The countdown has begun to an ambitious £6 million project to create Scotland’s first-ever aero space centre in Kinross.
The Kinross-shire Partnership, a rural development company funded by Perth and Kinross Council, this week unveiled its vision for Aero Space Kinross, an educational hub and visitor attraction focusing on aviation and space flight.
A feasibility study has already been undertaken and a body set up to take the idea forward.
Aero Space Kinross (ASK) will be the trading subsidiary of a new Scottish social enterprise, Aero Space Scotland Educational Trust. The aim is to create an ‘iconic’ new leisure venue that will attract people from all over Scotland.
It would include a fully immersive 3D planetarium; a flight motion simulation; lecture theatre; an exhibition telling the story of flight, astronomy and space exploration and a restaurant and coffee shop.
The plans have been in the pipeline for a year and have the backing of some of the most prominent names in space and aviation. They include Deirdra Baker, a St Andrews-based fundraising consultant who once worked for NASA and was married to an astronaut, and aerospace expert Professor Andrew Rae.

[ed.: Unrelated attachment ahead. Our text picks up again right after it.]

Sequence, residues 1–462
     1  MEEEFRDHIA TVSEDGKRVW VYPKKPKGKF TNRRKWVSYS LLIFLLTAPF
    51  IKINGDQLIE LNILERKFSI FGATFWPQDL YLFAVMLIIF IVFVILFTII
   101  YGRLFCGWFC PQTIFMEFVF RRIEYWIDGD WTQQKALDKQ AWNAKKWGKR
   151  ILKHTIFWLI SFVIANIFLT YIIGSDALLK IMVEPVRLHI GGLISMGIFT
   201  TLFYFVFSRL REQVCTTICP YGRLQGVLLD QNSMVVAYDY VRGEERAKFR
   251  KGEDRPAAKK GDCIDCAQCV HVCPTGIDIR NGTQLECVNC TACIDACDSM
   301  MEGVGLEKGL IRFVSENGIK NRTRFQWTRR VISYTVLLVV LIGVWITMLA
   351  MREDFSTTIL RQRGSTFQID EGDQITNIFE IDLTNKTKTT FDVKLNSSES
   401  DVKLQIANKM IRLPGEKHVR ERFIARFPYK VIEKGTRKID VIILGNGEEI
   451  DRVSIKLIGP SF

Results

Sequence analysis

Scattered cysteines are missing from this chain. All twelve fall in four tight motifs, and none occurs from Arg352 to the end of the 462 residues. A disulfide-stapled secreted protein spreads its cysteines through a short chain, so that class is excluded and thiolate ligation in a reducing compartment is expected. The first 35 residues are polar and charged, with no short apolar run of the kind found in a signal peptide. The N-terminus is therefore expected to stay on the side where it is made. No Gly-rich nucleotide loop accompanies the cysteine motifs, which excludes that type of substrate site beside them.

Now ASK is embarking on several months of forging relationships with potential trusts, foundations, corporate bodies and government agencies in their quest for funding.
Former glider pilot Alisdair Stewart, chairman of the Kinross-shire Partnership, told the Herald that a site had been identified in the west of Kinross that was ideally placed to attract visitors from all over Scotland.
“We have a number of light aviation facilities in Kinross-shire and aviation is part of the heritage of the wider area, with airfields at Balado, Crail and Leuchars,” he said.
‘‘We want to make this a centre of excellence for the industry.
“There is a superb space centre in Leicester but that is the only other one in the UK – this would be the first in Scotland.
“It has been an amazing journey so far but with a project on this scale the biggest challenge will be obtaining funding.
“Much hard work lies ahead before we know whether or not the concept will ‘fly.’”